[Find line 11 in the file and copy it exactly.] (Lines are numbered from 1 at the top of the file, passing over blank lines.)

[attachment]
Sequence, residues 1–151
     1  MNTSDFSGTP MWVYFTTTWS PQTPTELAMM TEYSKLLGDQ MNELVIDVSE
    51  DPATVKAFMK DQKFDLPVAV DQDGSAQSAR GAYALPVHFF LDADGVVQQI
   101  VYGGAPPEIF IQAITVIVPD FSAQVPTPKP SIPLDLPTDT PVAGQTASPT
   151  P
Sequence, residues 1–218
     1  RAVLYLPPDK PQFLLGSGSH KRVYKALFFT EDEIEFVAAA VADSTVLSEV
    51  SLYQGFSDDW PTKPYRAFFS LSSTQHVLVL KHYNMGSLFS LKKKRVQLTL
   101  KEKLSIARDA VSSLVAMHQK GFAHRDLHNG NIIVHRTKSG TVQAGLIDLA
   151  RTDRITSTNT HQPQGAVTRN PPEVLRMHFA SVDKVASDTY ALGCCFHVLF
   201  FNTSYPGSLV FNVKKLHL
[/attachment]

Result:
   201  FNTSYPGSLV FNVKKLHL